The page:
The fashion industry is in a state of emergency. This has been made clear not only by the mounting bankruptcies of big-name retailers, but also by the closure of beloved small businesses. These are brands that won’t bounce back.
There have never been many places to buy a pair of black leather ankle boots in size 13 — about four sizes larger than the widely accepted average size for women’s shoes. Now, with the closure of Long Tall Sally, there are even fewer.
That news, announced by the 44-year-old British retailer, resulted in “a quite tangible outpouring of grief,” said Vicky Shepherd, the company’s spokeswoman.
Long Tall Sally sells women’s wear and accessories for tall people: pants with extended inseams, tops designed for longer torsos, shoes up to size 15. The clothes are uncomplicated and office friendly, appealing to broad swaths of shoppers — more Gap than Fashion Nova, though at a higher price point. It is the only retailer of its kind, where tall shoppers can browse a diverse inventory without worrying about hemlines landing three inches above the point they’re supposed to land. They’re not confined to one department in a shop; everything is made for them.
The store will cease operations at the end of August, citing in its closing announcement the “very sudden and very profound impact of Covid-19.”
Even before the global pandemic, Long Tall Sally was struggling, largely because of growing competition from affordable e-commerce behemoths like Asos offering tall categories, Ms. Shepherd said. In 2018, the company began moving entirely online, closing the brick-and-mortar stores that were once spread across Britain, Germany and North America. (The United States presently accounts for 35 percent of sales, according to Ms. Shepherd.)
“We really, really tried to make it work,” Ms. Shepherd said. “But the curse of Covid — it has rocked us, and we can’t see how we can claw back from it.”
Long Tall Sally was founded in London in 1976 by Judy Rich, a then 33-year-old American entrepreneur who had been six feet tall since she was 13. She named her West End store after the Little Richard song, initially offering three sizes. Back then, she had to knock on manufacturers’ doors herself to ask them to make sleeves two inches longer. But the first store was “almost immediately successful,” she said.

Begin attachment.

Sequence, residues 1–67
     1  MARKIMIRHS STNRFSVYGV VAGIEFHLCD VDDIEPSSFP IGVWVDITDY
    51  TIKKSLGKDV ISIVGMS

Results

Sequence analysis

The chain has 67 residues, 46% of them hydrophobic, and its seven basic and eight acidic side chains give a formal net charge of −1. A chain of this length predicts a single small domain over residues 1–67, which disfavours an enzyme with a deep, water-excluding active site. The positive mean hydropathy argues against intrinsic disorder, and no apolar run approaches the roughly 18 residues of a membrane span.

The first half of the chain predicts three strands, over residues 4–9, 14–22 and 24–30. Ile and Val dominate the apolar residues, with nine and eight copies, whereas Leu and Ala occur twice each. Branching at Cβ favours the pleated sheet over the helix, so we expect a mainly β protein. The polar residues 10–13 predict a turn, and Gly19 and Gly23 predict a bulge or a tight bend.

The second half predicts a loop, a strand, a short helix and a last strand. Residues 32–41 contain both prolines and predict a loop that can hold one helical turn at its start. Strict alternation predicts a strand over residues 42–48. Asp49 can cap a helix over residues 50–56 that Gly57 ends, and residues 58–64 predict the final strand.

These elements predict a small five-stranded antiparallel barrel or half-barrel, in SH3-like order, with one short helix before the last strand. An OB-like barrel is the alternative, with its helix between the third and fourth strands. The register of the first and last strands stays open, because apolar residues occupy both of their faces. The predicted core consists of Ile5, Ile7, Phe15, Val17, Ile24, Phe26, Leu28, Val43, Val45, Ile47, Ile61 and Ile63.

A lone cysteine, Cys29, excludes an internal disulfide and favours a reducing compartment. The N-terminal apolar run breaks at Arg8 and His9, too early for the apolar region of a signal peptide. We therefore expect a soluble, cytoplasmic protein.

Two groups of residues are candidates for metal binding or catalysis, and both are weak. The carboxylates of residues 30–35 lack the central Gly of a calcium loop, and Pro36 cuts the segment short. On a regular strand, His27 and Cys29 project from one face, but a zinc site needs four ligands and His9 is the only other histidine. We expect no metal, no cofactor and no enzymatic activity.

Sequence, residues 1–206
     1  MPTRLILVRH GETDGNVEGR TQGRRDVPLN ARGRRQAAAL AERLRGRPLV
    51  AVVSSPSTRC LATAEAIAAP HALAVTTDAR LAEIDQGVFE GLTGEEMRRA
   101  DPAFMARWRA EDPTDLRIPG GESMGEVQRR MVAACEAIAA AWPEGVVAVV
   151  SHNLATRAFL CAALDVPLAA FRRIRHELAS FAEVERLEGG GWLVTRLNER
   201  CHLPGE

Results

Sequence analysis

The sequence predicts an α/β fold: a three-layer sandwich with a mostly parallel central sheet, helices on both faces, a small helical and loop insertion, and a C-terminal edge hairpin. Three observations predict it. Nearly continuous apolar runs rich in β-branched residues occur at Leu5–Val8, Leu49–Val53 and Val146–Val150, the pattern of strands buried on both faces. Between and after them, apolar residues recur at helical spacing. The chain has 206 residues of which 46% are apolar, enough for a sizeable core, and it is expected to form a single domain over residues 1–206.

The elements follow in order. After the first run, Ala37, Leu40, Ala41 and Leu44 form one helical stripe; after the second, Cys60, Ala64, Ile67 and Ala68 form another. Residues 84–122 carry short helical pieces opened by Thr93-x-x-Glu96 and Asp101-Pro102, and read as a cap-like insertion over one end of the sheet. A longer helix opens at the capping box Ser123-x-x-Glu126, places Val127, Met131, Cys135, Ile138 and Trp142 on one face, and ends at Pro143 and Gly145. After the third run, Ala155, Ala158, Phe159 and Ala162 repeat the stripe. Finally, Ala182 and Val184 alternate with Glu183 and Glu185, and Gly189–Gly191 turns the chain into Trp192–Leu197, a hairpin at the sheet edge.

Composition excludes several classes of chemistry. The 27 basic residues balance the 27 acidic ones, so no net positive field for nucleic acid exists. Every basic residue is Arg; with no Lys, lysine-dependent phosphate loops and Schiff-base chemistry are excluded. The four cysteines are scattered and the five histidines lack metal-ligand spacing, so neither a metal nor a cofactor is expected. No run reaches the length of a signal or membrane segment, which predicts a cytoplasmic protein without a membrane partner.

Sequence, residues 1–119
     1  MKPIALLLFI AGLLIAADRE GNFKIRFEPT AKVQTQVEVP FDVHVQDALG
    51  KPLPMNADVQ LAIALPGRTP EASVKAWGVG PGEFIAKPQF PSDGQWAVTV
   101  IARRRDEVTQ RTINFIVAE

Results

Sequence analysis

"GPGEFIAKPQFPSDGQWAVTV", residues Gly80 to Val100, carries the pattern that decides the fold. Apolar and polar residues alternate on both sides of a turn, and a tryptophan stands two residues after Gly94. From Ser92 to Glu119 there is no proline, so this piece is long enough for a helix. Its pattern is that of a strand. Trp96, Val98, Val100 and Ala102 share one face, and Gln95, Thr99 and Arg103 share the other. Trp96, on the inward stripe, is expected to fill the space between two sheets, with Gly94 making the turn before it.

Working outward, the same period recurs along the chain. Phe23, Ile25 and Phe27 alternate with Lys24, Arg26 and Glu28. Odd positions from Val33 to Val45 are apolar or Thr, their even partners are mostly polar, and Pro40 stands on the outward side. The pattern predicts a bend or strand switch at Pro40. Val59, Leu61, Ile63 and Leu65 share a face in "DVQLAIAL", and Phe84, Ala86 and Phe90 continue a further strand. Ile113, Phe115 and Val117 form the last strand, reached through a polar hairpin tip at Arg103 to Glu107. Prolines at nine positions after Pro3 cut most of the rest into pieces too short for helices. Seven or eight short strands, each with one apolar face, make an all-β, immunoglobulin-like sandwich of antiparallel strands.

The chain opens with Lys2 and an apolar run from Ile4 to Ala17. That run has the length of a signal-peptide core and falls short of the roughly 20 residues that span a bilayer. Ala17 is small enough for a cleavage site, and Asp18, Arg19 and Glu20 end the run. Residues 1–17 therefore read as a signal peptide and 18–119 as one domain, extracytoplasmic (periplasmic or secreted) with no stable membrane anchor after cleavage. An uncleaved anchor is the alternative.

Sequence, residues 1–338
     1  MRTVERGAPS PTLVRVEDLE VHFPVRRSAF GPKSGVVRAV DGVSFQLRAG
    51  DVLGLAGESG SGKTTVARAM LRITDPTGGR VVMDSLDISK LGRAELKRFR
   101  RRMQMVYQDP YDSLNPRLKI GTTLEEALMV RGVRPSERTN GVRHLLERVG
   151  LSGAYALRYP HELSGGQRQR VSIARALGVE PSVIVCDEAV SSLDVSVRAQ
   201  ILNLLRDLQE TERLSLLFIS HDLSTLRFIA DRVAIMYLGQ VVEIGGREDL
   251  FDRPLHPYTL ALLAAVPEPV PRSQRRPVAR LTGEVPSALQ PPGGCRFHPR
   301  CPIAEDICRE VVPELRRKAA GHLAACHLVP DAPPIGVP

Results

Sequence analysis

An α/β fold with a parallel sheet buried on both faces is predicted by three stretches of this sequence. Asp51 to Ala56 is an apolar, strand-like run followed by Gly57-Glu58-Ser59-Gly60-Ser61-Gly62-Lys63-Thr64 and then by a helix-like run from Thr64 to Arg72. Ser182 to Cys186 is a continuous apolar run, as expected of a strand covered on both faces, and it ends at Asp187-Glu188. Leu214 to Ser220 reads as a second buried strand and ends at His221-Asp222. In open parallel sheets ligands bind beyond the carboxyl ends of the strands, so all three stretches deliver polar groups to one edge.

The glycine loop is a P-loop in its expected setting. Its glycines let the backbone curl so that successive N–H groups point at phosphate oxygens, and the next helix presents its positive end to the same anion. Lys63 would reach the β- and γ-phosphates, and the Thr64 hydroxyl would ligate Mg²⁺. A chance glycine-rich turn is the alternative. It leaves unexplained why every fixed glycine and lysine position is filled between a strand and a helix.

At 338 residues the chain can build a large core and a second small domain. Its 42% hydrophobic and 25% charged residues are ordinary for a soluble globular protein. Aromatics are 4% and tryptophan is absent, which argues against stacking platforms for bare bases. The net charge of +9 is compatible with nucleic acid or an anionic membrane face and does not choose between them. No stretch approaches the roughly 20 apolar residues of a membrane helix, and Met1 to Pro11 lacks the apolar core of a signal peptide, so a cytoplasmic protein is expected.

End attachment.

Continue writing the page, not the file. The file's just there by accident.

“It was powered by feminism and a crusade and a pioneering spirit — because I felt tall women were being discriminated against,” Ms. Rich said. “I have had the experience of going into stores and people looking at me and shaking their heads.”
Ms. Rich, who sold the company in 2005, learned of Long Tall Sally’s closure a few days before the public was told. She wasn’t surprised by the thousands of disappointed comments left on social media. (“So sad to hear,” Crystal Langhorne, a W.N.B.A. player, wrote on Instagram. “You will be truly missed.”) The store may never have become a household name, but if you were a tall woman who liked to shop online, you very likely knew it.
One vocal contingent among the many mourners was tall transgender women, who had for years praised Long Tall Sally’s selection while swapping shopping tips online.
“When I go to Long Tall Sally, I know I’m going to find something that can fit me,” said Rachel Wheeler, 39, a shopper in southern England who often bought basics (like jeans and shoes) from the store.
“I am stuck,” she said. “I have no idea what I’m going to do.”